My mother


#1

I have just returned from my Mothers,she lives a couple of hundred yds away in the home I was brought up in Mam and Dad moved into a brand new home built by the local authority 63yrs ago , they were previously in a colliery terrace with no indoor toilet no running water no electric but very efficent air conditioning winter and summer otherwise known as draughts, I was born there , the only help she had on that day was a neighbour and the only midwife within 25mls who luckily was visiting someone else in the street at the time 63 yrs later here I am, not running 100% fit but still going.  While talking to Mam I asked if anyone else in the family had PD and it turns out that my Grandad and three uncles had medium to severe tremor  along with an Aunt who used to freeze for long periods, mother thankfully escaped and apart from aches and pains is going strong at 95 she is as tough as old boots and still drives although I wish she wouldnt she just wont give up that independance . My Dad passed away after a long illness almost two years ago and is sadly missed and while we were chatting I was reminded that it was Mam who was the boss the Matriach in our family ,it was always Mam who made the important decisions and kept us in line I have a older brother and sister , unfortunately sis is showing all the symptoms of PD but wont talk about it I think what she has witnessed with her younger brother fills her with dread and she just wont go there.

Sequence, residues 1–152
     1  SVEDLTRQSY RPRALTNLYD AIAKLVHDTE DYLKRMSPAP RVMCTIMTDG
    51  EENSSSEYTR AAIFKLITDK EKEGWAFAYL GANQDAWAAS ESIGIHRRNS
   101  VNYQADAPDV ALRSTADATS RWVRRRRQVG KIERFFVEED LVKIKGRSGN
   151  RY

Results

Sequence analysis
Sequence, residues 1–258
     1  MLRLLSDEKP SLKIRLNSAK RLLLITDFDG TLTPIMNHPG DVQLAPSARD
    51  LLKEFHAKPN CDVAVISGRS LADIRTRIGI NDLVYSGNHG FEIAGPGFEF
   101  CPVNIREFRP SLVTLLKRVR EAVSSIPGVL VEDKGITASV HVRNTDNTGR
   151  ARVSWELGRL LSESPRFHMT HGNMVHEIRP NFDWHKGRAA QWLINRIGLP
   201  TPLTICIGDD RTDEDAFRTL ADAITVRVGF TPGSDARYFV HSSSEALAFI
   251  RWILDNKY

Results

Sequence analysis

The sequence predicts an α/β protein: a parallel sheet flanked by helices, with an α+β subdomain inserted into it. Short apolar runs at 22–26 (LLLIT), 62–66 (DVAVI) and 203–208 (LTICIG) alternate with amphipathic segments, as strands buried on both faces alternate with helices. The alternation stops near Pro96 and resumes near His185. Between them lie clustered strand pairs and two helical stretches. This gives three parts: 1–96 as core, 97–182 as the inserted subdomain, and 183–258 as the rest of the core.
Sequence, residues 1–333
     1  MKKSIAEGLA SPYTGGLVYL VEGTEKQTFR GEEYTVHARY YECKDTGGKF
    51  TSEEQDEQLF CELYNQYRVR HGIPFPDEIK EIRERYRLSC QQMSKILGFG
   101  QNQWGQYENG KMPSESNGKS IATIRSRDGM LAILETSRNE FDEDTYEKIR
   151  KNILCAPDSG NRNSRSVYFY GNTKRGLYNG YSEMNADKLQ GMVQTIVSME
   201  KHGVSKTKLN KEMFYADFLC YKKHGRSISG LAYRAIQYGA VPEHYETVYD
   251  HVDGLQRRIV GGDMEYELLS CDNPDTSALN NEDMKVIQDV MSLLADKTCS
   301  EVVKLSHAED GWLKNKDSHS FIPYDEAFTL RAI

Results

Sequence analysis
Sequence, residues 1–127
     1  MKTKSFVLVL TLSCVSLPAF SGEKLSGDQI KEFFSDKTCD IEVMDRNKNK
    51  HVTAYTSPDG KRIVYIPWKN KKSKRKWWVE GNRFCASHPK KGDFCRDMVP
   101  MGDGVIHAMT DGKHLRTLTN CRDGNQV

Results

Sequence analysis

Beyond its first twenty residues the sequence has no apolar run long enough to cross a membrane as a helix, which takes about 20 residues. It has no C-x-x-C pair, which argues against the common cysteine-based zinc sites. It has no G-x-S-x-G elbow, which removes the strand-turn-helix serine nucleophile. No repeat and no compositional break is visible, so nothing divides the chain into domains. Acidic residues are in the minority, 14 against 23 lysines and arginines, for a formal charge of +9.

So  here I am 63 a wife two daughters five grandchildren , and I wonder what lies ahead for them If I had known 40 yrs ago the threat of PD was looming would I have brought my children into the world with the possibility they might inherit this horrible disease, they do have all the symptoms of Nail Patella Syndrome which I have ,I also have PD Prostrate Cancer severe Tinnitus  plus assorted aches and pains collected in the Hostile enviorment of the heavy construction industry ,would I do it all again Yes of course I would for despite the horrors endured my family are the most precious thing for which I would not exchange for the whole world, my Mams very words as I set off down the street ,and she knows the true value of family.

                                              Kindest Regards   Fedex


#2

Hi Fed

I read your post with interest i to have asked myself the very same question and now fear for my childrens future

I was diagnosed with PD in August aged 47  after my diagnosis i spoke to my mother who was experiencing the same symptoms as me only hers were more severe than mine , i  advised my mother to go to her doctor and  she was diagnosed with Pd in September  , my maternal grandfather suffered with Dementia  .